Commonwealth Tournament. It is hoped that this documents shows how this form of study and
analysis can provide interesting insights which can be applied to training programme
Further analysis of the data is under way and a more detailed document will follow.
The use of simple mean averages provides generalised information which provides only an
indication of general trends in the data analysed. This needs to be considered when developing
training programmes.
For example, the four minute figure mentioned in this document is a mean average of all the
fights recorded. The range of durations went from a few seconds to over twelve minutes spent on
the mat.
Similarly, the mean averaged number of segments, covers all stages in a competition. Initial
examination of the data showed a visible change in contest structure in the later stages of a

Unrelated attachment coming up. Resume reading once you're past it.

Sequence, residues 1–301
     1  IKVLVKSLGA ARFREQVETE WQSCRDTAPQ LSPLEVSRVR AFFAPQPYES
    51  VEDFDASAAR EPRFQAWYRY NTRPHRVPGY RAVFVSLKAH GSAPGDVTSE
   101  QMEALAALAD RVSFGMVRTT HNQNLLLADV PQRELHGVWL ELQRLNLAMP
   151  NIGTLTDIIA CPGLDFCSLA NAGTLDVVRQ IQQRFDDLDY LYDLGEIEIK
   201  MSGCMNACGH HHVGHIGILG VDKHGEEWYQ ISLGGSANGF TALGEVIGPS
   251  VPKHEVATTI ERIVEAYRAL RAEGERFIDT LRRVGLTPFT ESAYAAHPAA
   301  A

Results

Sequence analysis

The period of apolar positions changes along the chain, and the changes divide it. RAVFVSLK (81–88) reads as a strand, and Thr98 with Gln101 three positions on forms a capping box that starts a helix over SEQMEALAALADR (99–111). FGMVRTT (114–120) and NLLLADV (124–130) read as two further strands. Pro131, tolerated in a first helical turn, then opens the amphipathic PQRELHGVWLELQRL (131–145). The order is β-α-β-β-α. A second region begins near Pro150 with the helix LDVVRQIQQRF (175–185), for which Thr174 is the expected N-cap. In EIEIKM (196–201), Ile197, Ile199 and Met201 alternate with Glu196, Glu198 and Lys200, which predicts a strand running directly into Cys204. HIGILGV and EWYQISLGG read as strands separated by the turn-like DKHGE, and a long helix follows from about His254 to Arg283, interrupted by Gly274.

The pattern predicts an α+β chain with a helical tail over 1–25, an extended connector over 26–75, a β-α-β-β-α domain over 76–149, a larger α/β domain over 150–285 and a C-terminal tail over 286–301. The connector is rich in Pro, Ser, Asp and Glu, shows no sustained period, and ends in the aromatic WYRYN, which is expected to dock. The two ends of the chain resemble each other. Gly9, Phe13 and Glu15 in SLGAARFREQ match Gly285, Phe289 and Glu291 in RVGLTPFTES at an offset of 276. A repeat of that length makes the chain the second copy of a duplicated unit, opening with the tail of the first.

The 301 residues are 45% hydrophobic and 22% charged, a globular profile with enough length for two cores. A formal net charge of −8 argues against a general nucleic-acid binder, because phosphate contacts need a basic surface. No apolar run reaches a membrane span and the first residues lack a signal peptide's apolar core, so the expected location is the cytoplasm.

category. This included more segments, hence more attacks, but with each segment being sorter.
Your athlete may be better served by drills that followed this pattern over the average format of a
Commonwealth level Judo match
Full details of this research are available via the www.JudoCoach.com
website and/or by contact the author, Lance Wicks, directly at the email
address: lw@judocoach.com. Fellow researchers are invited to contact Lance
Wicks to source the data and digital copies of the notation forms, etc.
It is hoped that this research will act as a catalyst, encouraging further
research within the sport by researchers both with and without experience.
Kia Kaha, Kia Toa, Kia Manawanui
Be brave, Be Strong, Be Perservering
(Old New Zealand Maori Saying)
(c)2006, Lance Wicks. www.judocoach.com lw@judocoach.com

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JudoMetrics: Re-stating my assumptions.

Recently I have been involved in two conversation threads related to, but seperate from this site. The first was about my BSc. research project notating the attack rate of Judo athletes in the Beijing Olympic Judo Tournament. The second is a thread about Talent Identification in Judo and generally. Also there have been a couple of posts in the Judo Blogosphere about Malcolm Gladwells “Outliers” book that helped inspire this post.